Obama's Moderate Health Care Plan
March 22, 2010
Is President Obama's health care reform a moderate bill, as Democrats claim, or an something more extreme, like Republicans say? William Bennett offers up the Republican case: On Saturday, the president said “this is a middle of the road bill.” It is not. The National Journal aggregation of polls has a 7 percent national opposition deficit (50 percent oppose, 43 percent support). Not one Republican — not Olympia Snowe, not Sue Collins, not Tom Coburn, and not Jim Inhofe — is supporting this. ...
Yes, I Can Imagine That
March 10, 2010
Pointing out the hypocrisy of Republican positions on procedural fairness is getting tiresome, I know. But I can't let this one pass. From Jay Newton-Small at Time: In the Senate, Dems are eyeing Tom Coburn and his promised “hundreds” of amendments warily. So warily that they're considering an obscure procedural tactic some Republicans are labeling the "nuclear option." Under reconciliation rules, debate is limited to 20 hours and only 51 votes are needed for final passage as the budget is immune to filibusters.
February 26, 2010
Who won? It's the exact same question people asked in 2008, after each of the presidential debates. I didn't like it then and I don't like it now. What's "winning"--scoring more debate points, making fewer gaffes, or simply appealing to more voters? And aren't all those judgments pretty subjective anyway? But if Thursday's event didn't produce a winner, it was clarifying. Health care reform, as I've said many times now, is really about achieving three basic goals: Making sure everybody has insurance, making sure coverage is good, and making sure that, over time, medical care will cost less.
The GOP Wants Capitulation, Not Compromise
February 25, 2010
Who won? It's the exact same question people asked in 2008, after each of the presidential debates. I didn't like it then and I don't like it now. What's "winning"--scoring more debate points, making fewer gaffes, or simply appealing to more voters? And aren't all those judgments pretty subjective anyway? But if Thursday's event didn't produce a winner, it was clarifying. (Click here to read more.)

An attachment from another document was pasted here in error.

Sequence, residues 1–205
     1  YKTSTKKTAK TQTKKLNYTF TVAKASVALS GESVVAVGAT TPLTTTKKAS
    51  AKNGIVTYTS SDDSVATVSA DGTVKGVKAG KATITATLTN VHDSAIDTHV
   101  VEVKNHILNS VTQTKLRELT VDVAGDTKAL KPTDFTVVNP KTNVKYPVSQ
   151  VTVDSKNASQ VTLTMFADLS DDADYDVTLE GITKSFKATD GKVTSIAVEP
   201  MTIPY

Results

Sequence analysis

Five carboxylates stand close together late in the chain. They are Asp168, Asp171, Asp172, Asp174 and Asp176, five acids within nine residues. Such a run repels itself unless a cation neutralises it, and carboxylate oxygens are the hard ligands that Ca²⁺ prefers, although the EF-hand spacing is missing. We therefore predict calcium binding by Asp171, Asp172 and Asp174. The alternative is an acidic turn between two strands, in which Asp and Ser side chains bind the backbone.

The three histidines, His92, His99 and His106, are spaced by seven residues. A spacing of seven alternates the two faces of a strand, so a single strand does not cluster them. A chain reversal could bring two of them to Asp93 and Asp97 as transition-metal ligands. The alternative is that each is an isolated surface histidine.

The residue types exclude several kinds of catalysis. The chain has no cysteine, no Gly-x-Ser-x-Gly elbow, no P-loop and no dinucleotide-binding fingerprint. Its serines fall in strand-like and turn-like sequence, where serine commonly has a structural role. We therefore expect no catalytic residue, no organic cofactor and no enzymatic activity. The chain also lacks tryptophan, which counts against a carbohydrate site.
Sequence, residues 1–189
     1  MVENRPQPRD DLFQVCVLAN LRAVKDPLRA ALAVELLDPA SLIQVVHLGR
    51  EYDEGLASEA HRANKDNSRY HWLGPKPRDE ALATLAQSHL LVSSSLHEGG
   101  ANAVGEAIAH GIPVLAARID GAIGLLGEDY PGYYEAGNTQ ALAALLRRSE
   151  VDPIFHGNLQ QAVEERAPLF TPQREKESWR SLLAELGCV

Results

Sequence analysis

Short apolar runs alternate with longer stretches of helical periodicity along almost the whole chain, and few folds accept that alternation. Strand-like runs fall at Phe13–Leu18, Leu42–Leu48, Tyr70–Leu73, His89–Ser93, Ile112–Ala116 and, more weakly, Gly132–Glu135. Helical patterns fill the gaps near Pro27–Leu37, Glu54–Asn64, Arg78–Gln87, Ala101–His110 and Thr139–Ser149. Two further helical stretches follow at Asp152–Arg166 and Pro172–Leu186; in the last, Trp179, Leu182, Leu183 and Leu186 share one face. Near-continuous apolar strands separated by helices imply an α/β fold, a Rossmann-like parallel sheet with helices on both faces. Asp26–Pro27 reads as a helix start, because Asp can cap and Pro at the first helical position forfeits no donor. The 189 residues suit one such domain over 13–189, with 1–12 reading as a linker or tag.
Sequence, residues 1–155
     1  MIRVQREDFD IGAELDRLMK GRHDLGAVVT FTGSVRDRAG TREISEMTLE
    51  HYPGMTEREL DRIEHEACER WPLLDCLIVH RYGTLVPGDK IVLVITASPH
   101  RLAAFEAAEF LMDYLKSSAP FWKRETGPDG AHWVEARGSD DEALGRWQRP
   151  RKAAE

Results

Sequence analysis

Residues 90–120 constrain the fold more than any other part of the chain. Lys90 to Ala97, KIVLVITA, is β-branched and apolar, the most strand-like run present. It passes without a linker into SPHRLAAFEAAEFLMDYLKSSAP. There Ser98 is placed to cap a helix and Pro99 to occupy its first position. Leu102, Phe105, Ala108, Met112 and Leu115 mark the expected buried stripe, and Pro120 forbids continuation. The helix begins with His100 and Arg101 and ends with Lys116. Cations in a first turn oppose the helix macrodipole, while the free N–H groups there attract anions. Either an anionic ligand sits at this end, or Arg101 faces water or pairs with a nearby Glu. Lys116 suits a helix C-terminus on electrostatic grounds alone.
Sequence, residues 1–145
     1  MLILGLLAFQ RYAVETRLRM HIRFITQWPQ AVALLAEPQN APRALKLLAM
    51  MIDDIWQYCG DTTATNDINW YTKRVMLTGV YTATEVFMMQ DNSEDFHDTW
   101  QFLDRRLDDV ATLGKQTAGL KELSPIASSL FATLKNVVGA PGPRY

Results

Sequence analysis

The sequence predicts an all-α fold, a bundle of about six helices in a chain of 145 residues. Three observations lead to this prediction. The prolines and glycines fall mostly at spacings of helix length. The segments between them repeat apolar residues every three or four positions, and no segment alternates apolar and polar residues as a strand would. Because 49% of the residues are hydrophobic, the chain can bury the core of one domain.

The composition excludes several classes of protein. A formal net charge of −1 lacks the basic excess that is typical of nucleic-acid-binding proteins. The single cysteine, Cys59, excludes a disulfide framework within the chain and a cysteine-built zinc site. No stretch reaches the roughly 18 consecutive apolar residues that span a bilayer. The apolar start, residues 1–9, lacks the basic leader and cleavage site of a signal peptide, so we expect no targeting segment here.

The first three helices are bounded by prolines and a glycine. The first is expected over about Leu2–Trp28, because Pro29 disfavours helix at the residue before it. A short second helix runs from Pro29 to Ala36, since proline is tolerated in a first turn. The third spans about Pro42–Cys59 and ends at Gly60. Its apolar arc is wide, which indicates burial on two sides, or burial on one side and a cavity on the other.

Be There and Be Square
February 24, 2010
The White House has released some more details about Thursday's Blair House meeting: Who will be there and the shape of the table where they'll all be sitting: The President will be seated in the middle of one side of the hollow square, with the Vice President, Secretary Sebelius, and congressional Leadership seated alongside him.
One Vote Down, Three to Go
December 21, 2009
In the wee hours of Monday morning, the Democrats won the first of four votes necessary to pass health care reform legislation. The vote was procedural, over whether to end debate on Harry Reid's "manager's amendment." With all forty Republicans joining a filibuster, it took the votes of all sixty senators in the Democratic caucus to proceed. The moment was not exceptionally dramatic, given that the last Democratic holdout, Nebraska's Ben Nelson, had declared his support on Saturday. During the floor debate, Minority Leader Mitch McConnell made a plea for "just one" of the bill's supporters to
December 17, 2009
Last month, the Senate voted to confirm Judge David Hamilton to the United States Court of Appeals for the Seventh Circuit. Getting a judge confirmed is always a good thing for a president. But it's hard to view what happened to Hamilton as a victory for Obama. In fact, if anything, the episode suggests that the president's approach to nominating federal appellate judges is seriously misguided. Back in September, The New Yorker's Jeffrey Toobin reported that the administration nominated Hamilton in order to show that it was taking a new, post-partisan approach to judicial appointments.
Read the Bill Out Loud? Fine.
November 18, 2009
As part of the Republican efforts to drag out the debate on health care reform bill, Senator Tom Coburn has been threatening to demand that Majority Leader Harry Reid schedule a full reading of his legislation before debate begins. Reid, in turn, is looking at alternatives, such as holding the Senate in session next week. I'm sure most Democrats are hoping Coburn decides the effort is futile and abandons his quest, thus freeing everybody to go home Thanksgiving week. But whatever Coburn decides, I wonder if Democrats shouldn't embrace this opportunity--and make the most out of it.
Reid Is Ready to Go (Updated)
November 18, 2009
Multiple sources on and around Capitol Hill say Senate Majority Leader Harry Reid is ready to go. At 5 p.m. today, he'll present the his full health care reform bill, complete with a Congrssional Budget Office score, to a meeting of the Democratic caucus. A press conference may follow. The Democratic message machine is already hard at work.
Tom Coburn: An Unwitting Cog of the Gay Agenda
October 23, 2009
I'm a bit late in getting to this, but I have to disagree with Suzy Khimm's take on GOP Senator Tom Coburn's co-authoring a piece for The Advocate with Christopher Barron, Chairman of GOProud. That organization was founded earlier this year (I wrote about it here) by a pair of disgruntled former employees of the Log Cabin Republicans, who argued that the flagship gay GOP organization had been hijacked by liberals.